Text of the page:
Water tests conducted by Youngstown State University confirmed it was low oxygen levels that resulted in the deaths of hundreds of fish in July at the Lily Pond in Mill Creek Park.
The diluted oxygen levels were caused by a variety of factors, said Kirsten Peetz, natural-resource manager for Mill Creek MetroParks. The first was that weather had been hot, in the upper 80s or low 90s for a week.
“The heat was then followed by a very hard rainstorm that mixed with the pond and further diluted the dissolved oxygen levels,” she said Monday at a park-board meeting. “It was literally a perfect storm of conditions” for the fish kill.
Shallow ponds are more susceptible to reduced oxygen levels from heat, and despite the fact the Lily Pond is fairly large — it covers more than 3 acres — it is no more than 5 feet deep, Peetz said.
Any time the dissolved oxygen levels are below 3 milligrams per liter, fish start to die. The YSU testing showed the pond levels were at 1.8 milligrams per liter, she said.
When asked how a similar incident could be prevented in the future, Peetz said, “We are considering an aeration system that would keep adding oxygen to the pond at all times.”
It would take three aerators to do the job at a cost of $7,000 each, and electricity would have to be run to the pond, she added.
Resident Christine Fleck questioned if some of the brush that had been removed from around the pond had made it easier for the water to warm.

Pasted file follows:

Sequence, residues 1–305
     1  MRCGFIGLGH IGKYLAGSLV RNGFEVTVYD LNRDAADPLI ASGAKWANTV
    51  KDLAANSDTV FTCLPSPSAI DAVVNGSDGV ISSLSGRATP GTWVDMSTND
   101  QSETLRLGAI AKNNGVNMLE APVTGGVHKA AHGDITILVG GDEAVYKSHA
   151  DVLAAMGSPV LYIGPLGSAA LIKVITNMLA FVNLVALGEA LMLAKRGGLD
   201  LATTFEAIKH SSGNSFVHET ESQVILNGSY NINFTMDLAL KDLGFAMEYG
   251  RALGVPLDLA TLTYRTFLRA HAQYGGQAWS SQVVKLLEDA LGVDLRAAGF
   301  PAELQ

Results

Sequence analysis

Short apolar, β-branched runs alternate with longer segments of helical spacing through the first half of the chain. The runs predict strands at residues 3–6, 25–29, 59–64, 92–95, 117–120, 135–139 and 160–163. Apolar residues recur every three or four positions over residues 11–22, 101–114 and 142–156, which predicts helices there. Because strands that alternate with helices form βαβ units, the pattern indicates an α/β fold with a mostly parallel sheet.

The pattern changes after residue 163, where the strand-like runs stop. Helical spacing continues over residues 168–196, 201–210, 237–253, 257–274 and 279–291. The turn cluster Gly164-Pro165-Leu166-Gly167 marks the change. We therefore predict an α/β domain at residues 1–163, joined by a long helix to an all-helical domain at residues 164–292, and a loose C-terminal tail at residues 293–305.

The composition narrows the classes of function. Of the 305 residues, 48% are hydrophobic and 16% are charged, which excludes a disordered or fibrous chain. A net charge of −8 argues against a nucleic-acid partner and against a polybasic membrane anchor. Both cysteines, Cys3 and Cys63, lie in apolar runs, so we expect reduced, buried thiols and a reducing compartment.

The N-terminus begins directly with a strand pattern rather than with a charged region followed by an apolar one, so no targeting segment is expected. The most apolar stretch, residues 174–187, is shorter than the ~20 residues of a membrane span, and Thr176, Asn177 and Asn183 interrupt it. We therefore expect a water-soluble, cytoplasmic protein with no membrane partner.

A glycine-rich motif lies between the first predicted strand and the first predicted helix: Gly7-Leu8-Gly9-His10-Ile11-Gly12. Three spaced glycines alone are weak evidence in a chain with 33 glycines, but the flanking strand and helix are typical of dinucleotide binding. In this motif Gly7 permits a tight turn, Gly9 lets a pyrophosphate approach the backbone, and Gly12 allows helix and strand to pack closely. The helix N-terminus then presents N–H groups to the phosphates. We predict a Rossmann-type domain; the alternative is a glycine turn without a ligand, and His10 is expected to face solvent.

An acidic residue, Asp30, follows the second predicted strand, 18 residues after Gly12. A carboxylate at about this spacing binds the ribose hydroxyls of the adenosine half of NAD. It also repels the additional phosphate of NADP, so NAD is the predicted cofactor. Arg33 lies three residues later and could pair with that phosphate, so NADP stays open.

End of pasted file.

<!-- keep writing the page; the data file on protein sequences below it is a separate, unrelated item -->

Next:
“Possibly with some of the edge areas of the pond, but overall, that does not appear to be a factor,” Peetz answered.
Fleck also questioned if any pesticides used near the pond could have caused the fish to die and if turtles or any other wildlife in the pond were impacted.
“We saw lots of frogs, toads and turtles alive at the pond,” she said. “If it would have been a pesticide, frogs, particularly because they absorb everything through their skin, would have been affected,” Peetz said.
All pesticides that are used at the park are used according to instructions and according to protocols, she added.
Peetz said there were some of each variety of fish in the pond that survived, so the pond’s fish would repopulate naturally.
Park officials did not count the exact number of dead fish that were removed, but they filled six 30-gallon drums, she said.